Debbie Hamlyn 020.tif

“It’s the ripple effect, the pebble in the pond. All of our lives are connected.”

The tiny girl sat beaming from ear to ear on the curb on Montana Street. She waved at the Pikachu character in the Sun Bowl Parade float and shouted, “Hi, Pikachu!”

It’s moments like this that United Way CEO Deborah Zuloaga, who has a long association with the Sun Bowl, values the most. 

“For many of the families lining the street, this is their live entertainment for the year,” Zuloaga said. “They don’t have the means to participate in many things. When I see these children every Thanksgiving morning, it brings me to tears.”

The Sun Bowl Parade is among a long list of accomplishments for Zuloaga, which include the Amigo Airshow, Executive Forum, and UTEP and hospital advisory boards. She served the White House under President Reagan and was past executive director of the Girl Scouts of the Desert Southwest.

Perhaps that’s not surprising from a woman who grew up in a proud, civic-minded family who believed in serving community and country. 

Her mother, Madge, was the first Mexican-American to serve on the board at Thomason Hospital, now University Medical Center of El Paso.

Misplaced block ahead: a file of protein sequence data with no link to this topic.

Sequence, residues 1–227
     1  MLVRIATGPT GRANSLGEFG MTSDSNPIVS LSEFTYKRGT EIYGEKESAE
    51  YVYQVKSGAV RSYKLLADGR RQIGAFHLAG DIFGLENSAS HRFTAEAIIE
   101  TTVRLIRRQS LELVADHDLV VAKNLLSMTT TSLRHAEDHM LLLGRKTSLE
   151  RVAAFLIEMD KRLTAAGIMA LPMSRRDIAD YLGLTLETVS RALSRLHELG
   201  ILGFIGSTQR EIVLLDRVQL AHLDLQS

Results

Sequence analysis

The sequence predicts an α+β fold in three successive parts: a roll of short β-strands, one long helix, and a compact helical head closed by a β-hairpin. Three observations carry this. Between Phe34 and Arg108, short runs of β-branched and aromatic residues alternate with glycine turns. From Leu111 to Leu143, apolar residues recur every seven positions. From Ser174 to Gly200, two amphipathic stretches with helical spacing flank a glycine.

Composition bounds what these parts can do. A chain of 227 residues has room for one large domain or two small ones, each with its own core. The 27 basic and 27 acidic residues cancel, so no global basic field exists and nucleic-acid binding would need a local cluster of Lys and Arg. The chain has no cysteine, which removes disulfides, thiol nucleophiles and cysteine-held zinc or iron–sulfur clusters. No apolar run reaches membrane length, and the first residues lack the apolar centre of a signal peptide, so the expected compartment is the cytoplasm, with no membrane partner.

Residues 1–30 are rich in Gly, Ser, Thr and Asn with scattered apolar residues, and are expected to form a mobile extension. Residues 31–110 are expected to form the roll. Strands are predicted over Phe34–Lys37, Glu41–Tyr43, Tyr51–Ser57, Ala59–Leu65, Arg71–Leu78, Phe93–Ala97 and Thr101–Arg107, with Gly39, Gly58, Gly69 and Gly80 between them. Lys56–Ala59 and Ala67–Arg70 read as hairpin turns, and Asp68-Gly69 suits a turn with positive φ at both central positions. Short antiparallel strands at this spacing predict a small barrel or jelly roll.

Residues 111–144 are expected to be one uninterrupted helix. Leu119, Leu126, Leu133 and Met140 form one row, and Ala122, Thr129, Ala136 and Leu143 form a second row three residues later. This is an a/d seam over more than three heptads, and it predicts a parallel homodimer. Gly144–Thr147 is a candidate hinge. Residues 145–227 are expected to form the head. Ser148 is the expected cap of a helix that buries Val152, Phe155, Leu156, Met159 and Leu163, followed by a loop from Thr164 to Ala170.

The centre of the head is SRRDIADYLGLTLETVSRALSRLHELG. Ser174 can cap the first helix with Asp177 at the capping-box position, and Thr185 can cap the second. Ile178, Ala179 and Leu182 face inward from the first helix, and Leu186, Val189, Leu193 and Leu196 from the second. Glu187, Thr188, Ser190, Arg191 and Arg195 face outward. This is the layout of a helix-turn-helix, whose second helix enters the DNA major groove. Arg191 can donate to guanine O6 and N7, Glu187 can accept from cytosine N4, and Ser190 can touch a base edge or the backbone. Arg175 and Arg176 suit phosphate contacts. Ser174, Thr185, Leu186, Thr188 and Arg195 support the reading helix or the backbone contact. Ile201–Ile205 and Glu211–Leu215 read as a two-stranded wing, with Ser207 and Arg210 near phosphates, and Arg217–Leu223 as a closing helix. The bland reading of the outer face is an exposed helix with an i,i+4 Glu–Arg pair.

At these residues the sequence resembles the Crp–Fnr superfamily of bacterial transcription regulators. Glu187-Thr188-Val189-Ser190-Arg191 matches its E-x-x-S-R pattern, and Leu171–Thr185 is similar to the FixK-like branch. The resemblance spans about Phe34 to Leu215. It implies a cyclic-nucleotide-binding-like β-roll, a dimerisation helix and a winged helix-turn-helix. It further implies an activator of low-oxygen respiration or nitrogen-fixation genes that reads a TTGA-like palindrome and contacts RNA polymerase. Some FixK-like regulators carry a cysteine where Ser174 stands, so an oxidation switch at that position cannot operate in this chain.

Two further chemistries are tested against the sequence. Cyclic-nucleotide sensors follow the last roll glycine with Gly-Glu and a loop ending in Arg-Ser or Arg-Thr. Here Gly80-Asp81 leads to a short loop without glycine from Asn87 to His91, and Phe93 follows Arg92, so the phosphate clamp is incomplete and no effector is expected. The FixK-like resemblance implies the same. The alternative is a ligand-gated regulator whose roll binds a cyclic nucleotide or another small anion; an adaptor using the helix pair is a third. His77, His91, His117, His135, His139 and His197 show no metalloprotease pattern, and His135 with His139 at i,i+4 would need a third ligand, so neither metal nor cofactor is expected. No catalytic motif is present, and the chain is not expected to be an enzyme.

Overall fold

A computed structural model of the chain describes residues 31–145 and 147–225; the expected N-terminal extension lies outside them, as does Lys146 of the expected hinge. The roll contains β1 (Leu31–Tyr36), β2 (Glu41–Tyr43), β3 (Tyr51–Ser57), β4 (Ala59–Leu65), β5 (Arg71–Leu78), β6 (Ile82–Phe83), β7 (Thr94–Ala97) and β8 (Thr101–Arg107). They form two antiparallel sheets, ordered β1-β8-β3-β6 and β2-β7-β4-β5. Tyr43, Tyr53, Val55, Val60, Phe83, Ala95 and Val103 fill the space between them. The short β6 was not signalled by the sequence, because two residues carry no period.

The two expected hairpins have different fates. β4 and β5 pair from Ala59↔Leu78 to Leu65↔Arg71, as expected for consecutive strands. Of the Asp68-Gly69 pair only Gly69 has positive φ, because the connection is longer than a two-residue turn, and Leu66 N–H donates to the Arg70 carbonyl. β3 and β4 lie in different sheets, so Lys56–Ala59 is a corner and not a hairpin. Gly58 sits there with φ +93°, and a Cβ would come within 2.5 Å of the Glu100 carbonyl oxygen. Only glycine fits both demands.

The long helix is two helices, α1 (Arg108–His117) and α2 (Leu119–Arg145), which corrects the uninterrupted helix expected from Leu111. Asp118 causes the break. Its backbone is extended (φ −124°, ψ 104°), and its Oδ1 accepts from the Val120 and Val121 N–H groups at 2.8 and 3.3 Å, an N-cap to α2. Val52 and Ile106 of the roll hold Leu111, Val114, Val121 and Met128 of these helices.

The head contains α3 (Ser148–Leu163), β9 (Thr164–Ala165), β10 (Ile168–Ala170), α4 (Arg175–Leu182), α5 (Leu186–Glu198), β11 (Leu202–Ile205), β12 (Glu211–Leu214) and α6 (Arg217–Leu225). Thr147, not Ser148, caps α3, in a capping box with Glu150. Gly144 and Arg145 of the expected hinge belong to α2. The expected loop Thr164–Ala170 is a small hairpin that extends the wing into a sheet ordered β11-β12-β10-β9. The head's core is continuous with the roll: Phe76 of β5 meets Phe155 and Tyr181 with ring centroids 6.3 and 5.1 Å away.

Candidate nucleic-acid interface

Most, however, credit her work at the United Way as game-changing for El Paso.

“She has provided great strategic leadership throughout the nonprofit sector, coming up with great, innovative programs,” said Joyce Wilson, CEO of Borderplex Workforce Solutions and former city manager. 

Zuloaga is reluctant to talk about herself, but eager to promote the work of the United Way, which she said focuses on education, health services, financial stability and now basic needs, including emergency food and shelter for families and disaster response. 

She also works to build the next generation of civic engagement through the RISE program for 21 to 30 year olds and Young Leaders Society for 30 to 40 year olds.

“We have a great need for that here,” Wilson said. “These programs teach young people leadership skills like how to fundraise and budget. She also is cultivating leadership for the non-profit sector.”

Zuloaga said she has seen first-hand how volunteers impact the community.

“It’s the ripple effect, the pebble in the pond. All of our lives are connected. That’s why I believe so much in what I do. I see the passion young people have in wanting to give back to their community. We are building the next generation.”

 

 

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